Richard Palmer

** spoiler alert ** This book went in directions and places I did not expect. It took quite a while until I really did realize that it was a retelling of the biblical story of Job. There were quite some departures, and after a while, the fantasies got a little tiring. How many times was there going to be a world change, and why are all these details necessary? The pace picked up once Alec went to heaven. All the humorous sketches of the administration of the city of New Jerusalem were rather funny. This continued down into hell, but then things slowed down a bit. I kept wondering, "Where are we going with all of this?" In the end, Heinlein came back to the story and wrapped things up. I would rate it high for imagination and creativity, but a little low for the repetition and distracting details. My favorite line was from Alec, in chapter 20: "I had hoped for time enough for love, but no..." How artful of Heinlein to bury that reference to his other novel in a little unimportant dialog!


I really tried to like this book, but I just didn't get it. The characters were flat and the scenarios they found themselves in seemed so episodic and inconsequential that, by about halfway through the book, I grew bored and apathetic. It was recommended to me by someone whose taste I admire, but the book wasn't for me.

Michele Brenton

Yet another of my perennial favourites. I regularly pick this one up and re-read it.Each time I find something new to enjoy.One of the things I'm enjoying this time is the character of Margarethe as I have got to know some people of her nationality and now the dialogue involving her has suddenly become more amusing.This is a work that leads to a great deal of pondering on the part of the reader as Heinlein's main character Alex Hergensheimer is a philosopher extraordinaire and a Christian minister who finds himself head over heels in love with a person who worships the Norse gods and together they are plunged into what seem to be parallel universes with no warning time and time again.Hardline Christians may take umbrage with this book - but people with open minds and a sense of humour will enjoy the twists and turns. For folk like me who have had an interesting path through a life that sometimes feels as though somebody up there is having a joke at our expense - this book can be a crumb of comfort if viewed from the right angle.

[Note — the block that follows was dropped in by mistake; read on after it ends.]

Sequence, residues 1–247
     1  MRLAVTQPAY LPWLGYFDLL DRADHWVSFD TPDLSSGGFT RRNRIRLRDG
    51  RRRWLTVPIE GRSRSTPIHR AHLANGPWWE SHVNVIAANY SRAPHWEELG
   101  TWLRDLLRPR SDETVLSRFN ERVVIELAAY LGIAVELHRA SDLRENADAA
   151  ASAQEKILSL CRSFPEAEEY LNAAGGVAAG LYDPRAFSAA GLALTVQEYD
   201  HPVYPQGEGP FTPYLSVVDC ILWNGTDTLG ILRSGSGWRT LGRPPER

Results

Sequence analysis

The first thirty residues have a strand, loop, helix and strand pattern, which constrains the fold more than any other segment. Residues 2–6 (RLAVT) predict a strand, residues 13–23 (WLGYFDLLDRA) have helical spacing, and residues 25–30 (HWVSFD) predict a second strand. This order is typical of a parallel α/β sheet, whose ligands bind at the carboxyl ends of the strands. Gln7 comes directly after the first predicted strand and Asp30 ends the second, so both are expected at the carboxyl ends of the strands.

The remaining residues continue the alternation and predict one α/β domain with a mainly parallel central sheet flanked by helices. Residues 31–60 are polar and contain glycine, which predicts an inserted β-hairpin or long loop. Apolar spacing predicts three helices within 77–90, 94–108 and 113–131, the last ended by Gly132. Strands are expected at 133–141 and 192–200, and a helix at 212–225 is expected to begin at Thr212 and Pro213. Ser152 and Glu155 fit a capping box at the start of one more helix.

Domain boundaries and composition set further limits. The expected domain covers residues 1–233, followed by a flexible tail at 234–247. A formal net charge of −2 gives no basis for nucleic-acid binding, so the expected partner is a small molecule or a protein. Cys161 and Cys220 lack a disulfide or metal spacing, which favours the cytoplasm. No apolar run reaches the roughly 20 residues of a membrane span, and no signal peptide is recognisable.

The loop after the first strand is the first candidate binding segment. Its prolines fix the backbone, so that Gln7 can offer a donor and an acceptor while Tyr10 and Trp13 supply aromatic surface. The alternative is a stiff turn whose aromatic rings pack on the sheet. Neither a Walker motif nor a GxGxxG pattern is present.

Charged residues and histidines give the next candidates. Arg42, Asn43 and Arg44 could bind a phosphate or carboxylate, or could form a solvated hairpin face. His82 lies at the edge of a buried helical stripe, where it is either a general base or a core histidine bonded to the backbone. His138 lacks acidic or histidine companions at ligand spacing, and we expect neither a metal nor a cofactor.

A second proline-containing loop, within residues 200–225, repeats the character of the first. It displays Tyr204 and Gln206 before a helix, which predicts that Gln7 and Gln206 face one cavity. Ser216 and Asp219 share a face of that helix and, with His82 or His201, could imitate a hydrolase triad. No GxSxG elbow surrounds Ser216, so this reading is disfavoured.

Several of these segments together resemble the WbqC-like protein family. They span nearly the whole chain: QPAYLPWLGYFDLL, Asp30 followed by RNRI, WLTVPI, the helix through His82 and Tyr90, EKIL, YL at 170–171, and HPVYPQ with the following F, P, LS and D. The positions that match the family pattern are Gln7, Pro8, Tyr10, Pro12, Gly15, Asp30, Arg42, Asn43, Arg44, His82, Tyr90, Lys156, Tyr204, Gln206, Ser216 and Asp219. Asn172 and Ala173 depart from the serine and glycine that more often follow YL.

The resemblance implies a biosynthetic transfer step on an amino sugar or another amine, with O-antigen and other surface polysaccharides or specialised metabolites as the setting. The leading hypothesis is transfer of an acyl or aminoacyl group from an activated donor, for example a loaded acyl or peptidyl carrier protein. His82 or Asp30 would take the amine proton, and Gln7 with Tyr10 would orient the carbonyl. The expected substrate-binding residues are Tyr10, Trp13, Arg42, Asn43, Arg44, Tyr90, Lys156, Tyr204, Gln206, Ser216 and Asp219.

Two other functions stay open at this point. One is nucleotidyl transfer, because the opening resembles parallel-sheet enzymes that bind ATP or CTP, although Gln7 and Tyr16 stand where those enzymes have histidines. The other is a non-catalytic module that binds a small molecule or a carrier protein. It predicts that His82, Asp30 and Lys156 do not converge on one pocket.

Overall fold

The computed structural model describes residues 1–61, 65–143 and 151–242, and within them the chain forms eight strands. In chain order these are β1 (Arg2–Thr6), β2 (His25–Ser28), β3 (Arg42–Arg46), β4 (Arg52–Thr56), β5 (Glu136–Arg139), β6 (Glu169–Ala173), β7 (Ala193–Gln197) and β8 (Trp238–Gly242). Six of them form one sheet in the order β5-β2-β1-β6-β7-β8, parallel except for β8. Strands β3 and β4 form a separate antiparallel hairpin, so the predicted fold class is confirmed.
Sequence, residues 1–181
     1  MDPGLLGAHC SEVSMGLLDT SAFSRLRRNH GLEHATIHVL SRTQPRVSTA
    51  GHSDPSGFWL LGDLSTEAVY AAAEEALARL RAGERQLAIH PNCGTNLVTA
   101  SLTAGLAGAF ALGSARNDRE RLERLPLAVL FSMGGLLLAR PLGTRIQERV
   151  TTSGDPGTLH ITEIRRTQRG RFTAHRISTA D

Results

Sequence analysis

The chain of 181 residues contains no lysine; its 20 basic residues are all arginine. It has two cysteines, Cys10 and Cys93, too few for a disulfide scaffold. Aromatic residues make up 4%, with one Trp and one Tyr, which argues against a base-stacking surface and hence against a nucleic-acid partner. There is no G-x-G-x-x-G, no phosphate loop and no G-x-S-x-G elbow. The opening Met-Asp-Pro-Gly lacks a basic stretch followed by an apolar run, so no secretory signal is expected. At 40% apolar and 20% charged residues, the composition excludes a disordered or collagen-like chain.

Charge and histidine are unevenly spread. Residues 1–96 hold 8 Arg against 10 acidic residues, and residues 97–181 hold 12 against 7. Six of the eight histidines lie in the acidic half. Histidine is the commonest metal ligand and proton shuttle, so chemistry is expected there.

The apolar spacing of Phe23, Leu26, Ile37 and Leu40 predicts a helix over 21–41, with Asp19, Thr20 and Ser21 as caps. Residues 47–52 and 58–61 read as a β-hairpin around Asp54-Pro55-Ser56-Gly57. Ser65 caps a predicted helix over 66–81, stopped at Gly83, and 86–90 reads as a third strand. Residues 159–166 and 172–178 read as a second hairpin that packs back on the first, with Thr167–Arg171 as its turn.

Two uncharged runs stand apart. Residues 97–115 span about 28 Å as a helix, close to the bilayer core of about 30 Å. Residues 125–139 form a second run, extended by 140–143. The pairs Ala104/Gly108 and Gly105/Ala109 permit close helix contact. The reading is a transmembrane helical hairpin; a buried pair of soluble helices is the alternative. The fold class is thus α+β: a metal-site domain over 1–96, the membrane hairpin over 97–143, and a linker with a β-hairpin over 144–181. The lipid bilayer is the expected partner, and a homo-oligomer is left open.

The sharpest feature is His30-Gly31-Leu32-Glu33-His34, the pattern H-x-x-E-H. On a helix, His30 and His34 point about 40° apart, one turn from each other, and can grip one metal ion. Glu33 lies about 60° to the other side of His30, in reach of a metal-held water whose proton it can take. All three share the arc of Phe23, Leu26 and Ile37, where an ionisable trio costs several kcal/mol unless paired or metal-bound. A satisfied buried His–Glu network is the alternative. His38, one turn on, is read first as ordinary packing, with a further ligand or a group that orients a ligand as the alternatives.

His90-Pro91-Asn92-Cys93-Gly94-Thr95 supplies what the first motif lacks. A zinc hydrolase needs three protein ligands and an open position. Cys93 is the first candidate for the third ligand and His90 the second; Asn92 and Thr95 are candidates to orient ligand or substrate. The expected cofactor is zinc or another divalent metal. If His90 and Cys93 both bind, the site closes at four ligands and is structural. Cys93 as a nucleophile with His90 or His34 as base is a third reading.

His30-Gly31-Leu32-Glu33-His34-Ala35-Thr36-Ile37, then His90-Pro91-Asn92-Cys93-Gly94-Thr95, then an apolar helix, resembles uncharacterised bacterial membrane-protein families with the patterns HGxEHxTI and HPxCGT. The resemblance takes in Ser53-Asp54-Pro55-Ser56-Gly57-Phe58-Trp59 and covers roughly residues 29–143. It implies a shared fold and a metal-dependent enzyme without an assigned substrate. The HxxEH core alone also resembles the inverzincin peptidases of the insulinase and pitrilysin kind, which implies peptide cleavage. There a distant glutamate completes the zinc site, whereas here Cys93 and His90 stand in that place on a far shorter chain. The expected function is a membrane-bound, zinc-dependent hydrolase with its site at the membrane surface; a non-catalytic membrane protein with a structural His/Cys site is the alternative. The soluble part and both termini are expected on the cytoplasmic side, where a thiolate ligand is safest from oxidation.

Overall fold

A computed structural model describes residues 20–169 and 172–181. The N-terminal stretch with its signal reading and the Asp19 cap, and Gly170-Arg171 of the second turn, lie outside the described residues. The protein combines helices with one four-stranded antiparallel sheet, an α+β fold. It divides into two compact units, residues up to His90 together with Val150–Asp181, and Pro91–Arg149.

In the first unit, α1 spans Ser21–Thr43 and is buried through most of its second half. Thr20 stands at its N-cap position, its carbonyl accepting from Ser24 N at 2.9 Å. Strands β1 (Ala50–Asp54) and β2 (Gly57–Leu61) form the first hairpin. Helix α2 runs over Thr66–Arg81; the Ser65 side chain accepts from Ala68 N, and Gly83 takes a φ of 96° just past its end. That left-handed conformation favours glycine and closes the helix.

Jeff Yoak

** spoiler alert ** Job is a mix of the flavor of early Heinlein with a gritty hero and his girl slugging it out against a hostile world for about the first 17 chapters. From there, we learn that an essentially Christian view of the world is correct and we witness apocalypse and see heaven and hell... Heinlein style. His view of heaven with arrogant angels running a massive bureaucracy is a page-turning delight.

Bernie Gourley

In "Job: A Comedy of Justice" the protagonist, Alexander Hergensheimer, finds himself randomly drifting from one alternative universe to another. After his initial shift, he's joined by a lover, Margrethe, who knows him from her world as Alec Graham. The couple stay together through many other ill-timed world shifts, and are only separated when Hergensheimer finds himself in heaven. When faced with the question of what he's willing to do to be reunified with the woman he loves, the novel really gets interesting. As you might have expected, the name of the book is the Biblical name "Job" (i.e. rhymes with lobe)and not "job" as in an occupation.Each time the couple shifts, they are poor anew. That is, while geography remains the same, history and money are different from one world to the next. Hergenshiemer washes dishes because he can't engage in his trade by training, preacher, in these worlds.Just as Dante inadvertently convinces us that the first circle of hell is preferable to heaven (who wouldn't prefer the company of Socrates and Virgil over that of Jerry Falwell and Jimmy Swaggart,) Heinlein creates an afterlife that is a good deal more complex but also more just than the Biblical version.I recommend this lesser known Heinlein book. It's both humorous and thought-provoking.